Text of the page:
media to aerosol cans. Despite my quest for mastery in the art of batik, I am often drawn to use other more appropriate mediums for specific requirements of art-making. I used to think that this was a problem, but I have come to terms with it after observing the reality of the contemporary art-making environment. Though useful in marketing an artist’s image or for a branding exercise, there is no further need to be restricted by medium and style. In contemporary practice, context presides over medium. On the other hand, I hope my advanced knowledge of batik art will not limit my scope of art-making or worse still, limit me to locating the context to suit the medium.

Batik-painting is seen as a demanding medium, which requires a lot of skill, planning and materials that are not easily available. It is not a practice for casual artists. All this is true. I did not acquire the skill easily, but now that I have acquired it over years of practice, I no longer find batik daunting.

To think that this is a medium of the common people, that is practiced by small households in remote villages. It really does not require much to overcome its intimidating outlook to bring the process into a painting studio.

One advantage is that batik is easy to work with in large scales. Unlike a traditional western easel painting, it has an obverse property that is overlooked when presented within a picture frame. Traditionally a medium for making attire, the medium’s versatility is much more practical to addressing the requirements of contemporary-art that has a tendency of challenging presentation format. This is a medium that is very versatile. It can be either very basic or highly sophisticated. It does not necessarily have to remain within a picture frame on the wall.


The major frustration with batik-painting is the lack of clear instructions and material

supplies. Most batik instructors are unqualified to teach this craft and they make

modifications such as melting crayons, which bastardises the craft. Serious practitioners acquire their skills the hard way, often building it up from scratch. Thus most batik practitioners are protective of their knowledge. The nature of this medium is unforgiving and failures are rife in a process that often breaks the spirit of most people who try it. I have written numerous syllabus for teaching batik at different levels in school and have the experience of teaching many from very young primary school students to adult learners.

From my 13 years of experience in teaching art, I do admit that this is the most challenging medium. The technique is easy to understand but difficult to master. Inadvertently, my knowledge and skills are in demand. For the medium to succeed, more batik practitioners are required to make up the critical mass. The community should be more open to sharing the knowledge. This is a simple technique, but unfortunately the secrets are still closely guarded. It is our loss as practitioners when we hide our knowledge and deny future practitioners from building on our accumulated skills. My works in the course of my MA exemplify the challenges of finding innovations within the medium while holding true to the craft.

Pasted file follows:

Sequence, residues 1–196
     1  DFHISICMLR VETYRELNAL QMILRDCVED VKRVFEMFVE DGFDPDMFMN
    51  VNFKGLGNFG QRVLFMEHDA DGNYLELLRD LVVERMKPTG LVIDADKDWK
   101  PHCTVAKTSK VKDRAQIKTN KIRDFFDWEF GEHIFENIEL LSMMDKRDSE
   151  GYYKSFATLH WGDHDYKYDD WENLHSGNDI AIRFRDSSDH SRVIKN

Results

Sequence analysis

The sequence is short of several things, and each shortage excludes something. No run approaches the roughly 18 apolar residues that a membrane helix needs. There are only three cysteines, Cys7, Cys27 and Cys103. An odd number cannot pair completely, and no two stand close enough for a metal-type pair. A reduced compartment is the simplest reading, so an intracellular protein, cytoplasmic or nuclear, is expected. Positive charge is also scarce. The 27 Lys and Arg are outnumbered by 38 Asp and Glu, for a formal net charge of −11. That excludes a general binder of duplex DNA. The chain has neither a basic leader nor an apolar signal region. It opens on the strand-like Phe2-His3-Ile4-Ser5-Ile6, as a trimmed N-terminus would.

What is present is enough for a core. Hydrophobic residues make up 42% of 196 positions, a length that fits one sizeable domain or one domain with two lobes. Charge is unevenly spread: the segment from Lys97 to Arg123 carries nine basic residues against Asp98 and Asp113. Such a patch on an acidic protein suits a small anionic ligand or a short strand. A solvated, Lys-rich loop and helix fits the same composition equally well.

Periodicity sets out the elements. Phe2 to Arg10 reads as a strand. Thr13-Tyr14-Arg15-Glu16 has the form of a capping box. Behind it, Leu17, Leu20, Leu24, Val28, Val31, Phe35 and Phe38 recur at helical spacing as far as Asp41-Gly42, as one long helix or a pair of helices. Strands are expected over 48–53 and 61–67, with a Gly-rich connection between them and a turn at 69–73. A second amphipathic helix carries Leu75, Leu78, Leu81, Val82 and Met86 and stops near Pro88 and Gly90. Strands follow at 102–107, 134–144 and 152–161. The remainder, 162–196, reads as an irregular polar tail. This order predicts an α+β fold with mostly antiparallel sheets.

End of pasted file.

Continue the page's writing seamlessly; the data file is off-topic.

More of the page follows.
Project 1: Drawings

Drawing traditionally has always been perceived as a preparatory act of expressing an idea or observation. It is a transitional stage, a part of something bigger – a painting, a building, etc that a drawing in itself is incomplete. Contemporary drawing today redefines it to a broader context as traces of marks on a surface; that is the art in itself.

In an attempt to innovate batik practice, I took a step out of the box to reflect. One of the things that I came to realise is that Batik is a kind of drawing. I have always had a parallel practice in drawing through my daily works done on Chinese rice paper.

I discovered a similarity of batik to my other practice of drawing with ink. The way I

manoeuvred a brush pen is comparable to the tjanting. Both handlings are difficult to master and have a very subtle friction when it flows on the surface and blotches when the movement is paused. Ink blotches on rice paper as the tjanting blotches wax on fabric.

I began to explore the possibility of exploring batik more as contemporary drawing rather than painting. In the age of mechanisation and digital reproduction, the raw strokes made by hand are becoming rare. With mastery of technique, batik expresses the fluidity and sensitivity of the strokes beautifully, very much like Chinese calligraphy. The crackling hairline, variation of line thickness and uncertainties of the dyeing process is unattainable in a mechanical process of art-making. It reminds us of our sense of touch and about being human.

With advancement in printing technologies such as dye-sublimation printing that can

produce high resolution photo quality images on fabric cheaply and quickly, the practice of making batik by hand in the century-old traditional method is questionable. Mass production and mechanisation lacks authenticity. It detaches the viewer or user from the maker. It reduces the personal touch of the artists’ hand and the imperfections that is very much a reflection of life itself.

Drawing to me is like a dialogue. When I create a trace of mark on a surface, it becomes an expression of a vision through my action. The eye sees and the mind responds to move the hand that causes what is now on the paper, and another mark is added. It is a give-and-take process much like a conversation but, since it is an exchange of expression within one’s self it is an insight of one’s metaphysical being.

The act of drawing creates element that reference other elements on the surface to form relationships, narratives or clarity of thought. It can also be seen as an act of appropriation or destruction. Appropriation of a surface that was blank (in most cases) into a stage where a signifying play of differences can take place and at the same time destroy the purity of the surface works towards the extinction of emptiness. As artists, we depart from the white surface and cover it with markings.